Earthquake destruction in Turkey, 2023Quantum Entanglement Sensors: Revolutionizing Earthquake Detection

Quantum Entanglement Sensors: Revolutionizing Earthquake Detection , One of the scariest things about an earthquake is not how much damage it causes, but when and where it will strike next. The beginning of 2023 has already brought significant earthquake activity, with February earthquakes in Turkey and Syria killed tens of thousands of people.

Many experts predict that this type of destructive earthquake activity will only continue, threatening others risk areas all over the globe.

Although the scientists cannot predict when an earthquake might occur, many develop sensitive devices that could improve earthquake detection. One such device is quantum sensor.

By suspending atoms at ultra-low temperatures (near 0 degrees Kelvin) in laser arrays, quantum sensors can detect minute changes in gravitational waves, while becoming even more sensitive when quantum entangled.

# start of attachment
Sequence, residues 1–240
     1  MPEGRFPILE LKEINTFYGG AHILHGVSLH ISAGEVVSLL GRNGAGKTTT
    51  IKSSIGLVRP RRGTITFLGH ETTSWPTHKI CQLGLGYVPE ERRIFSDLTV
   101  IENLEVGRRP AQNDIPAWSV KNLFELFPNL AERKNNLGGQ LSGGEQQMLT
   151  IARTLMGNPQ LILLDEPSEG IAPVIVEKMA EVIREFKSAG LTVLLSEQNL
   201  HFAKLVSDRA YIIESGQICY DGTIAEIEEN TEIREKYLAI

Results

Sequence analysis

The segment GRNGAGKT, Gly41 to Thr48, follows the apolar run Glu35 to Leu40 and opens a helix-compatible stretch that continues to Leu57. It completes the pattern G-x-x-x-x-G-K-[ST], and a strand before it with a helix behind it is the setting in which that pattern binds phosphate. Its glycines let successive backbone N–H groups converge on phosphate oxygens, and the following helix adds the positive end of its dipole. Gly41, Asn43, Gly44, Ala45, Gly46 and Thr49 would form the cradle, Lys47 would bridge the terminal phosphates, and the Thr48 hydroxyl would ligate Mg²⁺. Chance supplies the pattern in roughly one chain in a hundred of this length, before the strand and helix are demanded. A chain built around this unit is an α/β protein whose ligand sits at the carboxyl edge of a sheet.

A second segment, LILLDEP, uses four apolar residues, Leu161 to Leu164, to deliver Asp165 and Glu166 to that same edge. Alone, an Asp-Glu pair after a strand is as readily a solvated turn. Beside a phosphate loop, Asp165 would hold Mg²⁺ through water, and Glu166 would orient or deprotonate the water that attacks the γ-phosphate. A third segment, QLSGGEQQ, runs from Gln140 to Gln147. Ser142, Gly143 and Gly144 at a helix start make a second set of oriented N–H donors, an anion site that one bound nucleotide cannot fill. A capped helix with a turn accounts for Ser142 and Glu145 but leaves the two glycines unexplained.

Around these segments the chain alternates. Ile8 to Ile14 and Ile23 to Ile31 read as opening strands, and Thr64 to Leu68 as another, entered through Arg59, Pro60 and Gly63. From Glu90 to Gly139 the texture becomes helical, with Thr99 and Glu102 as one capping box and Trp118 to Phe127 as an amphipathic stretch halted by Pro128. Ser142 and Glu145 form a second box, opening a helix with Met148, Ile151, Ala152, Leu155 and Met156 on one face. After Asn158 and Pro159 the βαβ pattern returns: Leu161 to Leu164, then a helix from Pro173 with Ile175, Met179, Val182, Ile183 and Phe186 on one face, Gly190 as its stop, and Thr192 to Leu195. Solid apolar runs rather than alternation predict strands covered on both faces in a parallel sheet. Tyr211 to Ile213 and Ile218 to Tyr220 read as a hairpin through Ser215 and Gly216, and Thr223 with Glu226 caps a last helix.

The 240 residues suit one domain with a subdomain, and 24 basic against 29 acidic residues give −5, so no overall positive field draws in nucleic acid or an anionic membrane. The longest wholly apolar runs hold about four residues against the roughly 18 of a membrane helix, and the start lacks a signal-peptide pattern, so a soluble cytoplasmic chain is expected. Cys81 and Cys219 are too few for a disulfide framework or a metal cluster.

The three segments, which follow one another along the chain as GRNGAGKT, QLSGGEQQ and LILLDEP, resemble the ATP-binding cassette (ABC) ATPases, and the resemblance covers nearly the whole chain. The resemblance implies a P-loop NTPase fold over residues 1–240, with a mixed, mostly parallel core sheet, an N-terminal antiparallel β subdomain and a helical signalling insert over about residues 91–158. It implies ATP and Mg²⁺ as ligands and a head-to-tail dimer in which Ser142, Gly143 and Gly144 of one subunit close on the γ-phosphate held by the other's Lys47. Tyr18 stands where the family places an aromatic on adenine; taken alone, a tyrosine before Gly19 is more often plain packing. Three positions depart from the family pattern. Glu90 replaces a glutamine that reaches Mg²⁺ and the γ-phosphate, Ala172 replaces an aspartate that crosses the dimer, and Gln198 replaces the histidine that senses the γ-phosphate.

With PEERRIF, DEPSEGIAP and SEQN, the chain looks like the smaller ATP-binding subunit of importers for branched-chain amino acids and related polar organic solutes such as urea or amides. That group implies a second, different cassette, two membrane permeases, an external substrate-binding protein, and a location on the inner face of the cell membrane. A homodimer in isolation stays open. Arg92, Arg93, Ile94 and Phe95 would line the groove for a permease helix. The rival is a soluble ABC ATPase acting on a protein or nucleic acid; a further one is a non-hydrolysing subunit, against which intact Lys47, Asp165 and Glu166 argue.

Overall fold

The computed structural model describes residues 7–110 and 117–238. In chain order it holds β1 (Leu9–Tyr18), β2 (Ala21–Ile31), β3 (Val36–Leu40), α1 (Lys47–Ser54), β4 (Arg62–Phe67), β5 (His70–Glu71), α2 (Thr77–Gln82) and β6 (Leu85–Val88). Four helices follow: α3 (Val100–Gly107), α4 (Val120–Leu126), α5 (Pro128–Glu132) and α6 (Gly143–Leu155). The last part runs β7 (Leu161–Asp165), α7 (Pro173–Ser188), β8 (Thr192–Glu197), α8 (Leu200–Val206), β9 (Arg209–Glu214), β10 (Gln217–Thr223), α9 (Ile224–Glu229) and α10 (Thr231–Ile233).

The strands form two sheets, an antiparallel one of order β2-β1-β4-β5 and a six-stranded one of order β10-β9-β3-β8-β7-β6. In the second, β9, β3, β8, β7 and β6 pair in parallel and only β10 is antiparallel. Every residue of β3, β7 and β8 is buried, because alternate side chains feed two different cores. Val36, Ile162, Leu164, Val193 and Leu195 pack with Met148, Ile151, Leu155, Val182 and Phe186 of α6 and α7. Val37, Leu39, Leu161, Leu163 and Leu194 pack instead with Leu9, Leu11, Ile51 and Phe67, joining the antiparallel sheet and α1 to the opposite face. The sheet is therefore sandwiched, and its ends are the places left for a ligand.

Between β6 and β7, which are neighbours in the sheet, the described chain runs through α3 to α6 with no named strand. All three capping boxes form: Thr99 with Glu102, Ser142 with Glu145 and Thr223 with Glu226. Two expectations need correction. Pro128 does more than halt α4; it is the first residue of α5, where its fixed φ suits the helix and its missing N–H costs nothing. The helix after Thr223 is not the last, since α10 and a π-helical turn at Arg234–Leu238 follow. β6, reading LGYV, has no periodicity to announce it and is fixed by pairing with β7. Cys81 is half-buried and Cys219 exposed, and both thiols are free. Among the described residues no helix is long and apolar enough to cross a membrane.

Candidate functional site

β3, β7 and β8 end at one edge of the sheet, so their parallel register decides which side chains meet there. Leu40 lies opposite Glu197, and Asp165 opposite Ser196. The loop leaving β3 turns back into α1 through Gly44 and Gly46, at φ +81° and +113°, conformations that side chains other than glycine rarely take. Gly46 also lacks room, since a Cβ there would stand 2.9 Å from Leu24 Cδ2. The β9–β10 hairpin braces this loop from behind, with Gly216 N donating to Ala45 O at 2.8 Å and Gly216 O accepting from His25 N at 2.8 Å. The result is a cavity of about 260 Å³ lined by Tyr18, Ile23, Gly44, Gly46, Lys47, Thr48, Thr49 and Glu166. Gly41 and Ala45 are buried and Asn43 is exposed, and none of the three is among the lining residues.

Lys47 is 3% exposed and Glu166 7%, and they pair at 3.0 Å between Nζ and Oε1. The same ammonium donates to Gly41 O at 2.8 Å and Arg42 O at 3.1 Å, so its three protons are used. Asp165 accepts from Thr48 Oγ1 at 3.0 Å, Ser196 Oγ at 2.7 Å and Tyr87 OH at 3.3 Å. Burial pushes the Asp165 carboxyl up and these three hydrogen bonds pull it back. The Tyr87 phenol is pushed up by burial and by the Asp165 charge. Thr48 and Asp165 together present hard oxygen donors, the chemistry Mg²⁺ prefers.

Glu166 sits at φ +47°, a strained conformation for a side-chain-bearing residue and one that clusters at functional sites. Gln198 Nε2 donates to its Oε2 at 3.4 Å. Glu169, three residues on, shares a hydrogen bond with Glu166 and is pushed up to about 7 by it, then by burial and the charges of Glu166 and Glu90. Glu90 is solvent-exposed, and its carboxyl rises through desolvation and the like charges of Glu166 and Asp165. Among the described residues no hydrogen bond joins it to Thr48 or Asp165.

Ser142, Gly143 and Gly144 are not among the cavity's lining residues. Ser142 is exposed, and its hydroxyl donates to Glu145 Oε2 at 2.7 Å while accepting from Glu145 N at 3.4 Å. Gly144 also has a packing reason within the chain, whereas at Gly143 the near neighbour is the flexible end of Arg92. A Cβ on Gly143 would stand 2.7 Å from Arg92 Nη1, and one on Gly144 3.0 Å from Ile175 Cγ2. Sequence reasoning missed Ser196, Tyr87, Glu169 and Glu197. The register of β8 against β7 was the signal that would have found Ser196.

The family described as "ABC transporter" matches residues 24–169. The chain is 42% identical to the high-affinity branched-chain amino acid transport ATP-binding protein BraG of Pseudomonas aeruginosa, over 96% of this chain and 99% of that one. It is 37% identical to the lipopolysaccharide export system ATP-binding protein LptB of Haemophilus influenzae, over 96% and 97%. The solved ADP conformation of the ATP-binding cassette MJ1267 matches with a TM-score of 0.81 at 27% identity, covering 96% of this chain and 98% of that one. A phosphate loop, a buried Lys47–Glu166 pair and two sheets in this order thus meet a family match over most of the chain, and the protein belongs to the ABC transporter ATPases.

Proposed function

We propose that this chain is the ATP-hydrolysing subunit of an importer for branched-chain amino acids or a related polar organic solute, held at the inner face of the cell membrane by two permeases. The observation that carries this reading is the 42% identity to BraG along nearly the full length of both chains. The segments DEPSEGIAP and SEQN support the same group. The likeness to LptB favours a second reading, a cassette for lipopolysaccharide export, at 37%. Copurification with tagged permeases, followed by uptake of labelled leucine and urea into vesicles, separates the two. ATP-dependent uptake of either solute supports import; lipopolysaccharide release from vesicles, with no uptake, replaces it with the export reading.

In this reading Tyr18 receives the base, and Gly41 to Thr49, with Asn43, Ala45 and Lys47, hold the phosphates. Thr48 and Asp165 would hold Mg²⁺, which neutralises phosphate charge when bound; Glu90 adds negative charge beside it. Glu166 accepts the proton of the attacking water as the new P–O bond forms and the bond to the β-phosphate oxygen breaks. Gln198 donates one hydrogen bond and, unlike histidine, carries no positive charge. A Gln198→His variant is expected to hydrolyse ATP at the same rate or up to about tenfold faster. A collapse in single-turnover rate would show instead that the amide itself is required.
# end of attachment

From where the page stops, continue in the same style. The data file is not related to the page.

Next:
Although this setup offers more in-depth data to improve earthquake models, it can be expensive.

How to measure an earthquake

Current detection methods use a network of seismographs all over the globe. At any node in the network, any earthquake or even a rock slide can trigger a seismograph measurement.

“Current systems are made up of accelerometers [seismographs] which detect the earliest arriving seismic waves, which are pressure waves [p-waves] which move the ground but are not as destructive as subsequent shear waves [s-waves] which travel more slowly,” says Daniel Bodis, a professor at the University of Birmingham, who holds a Ph.D. in civil engineering.

Read more: This is how earthquakes cause tsunamis

The limitations of seismographs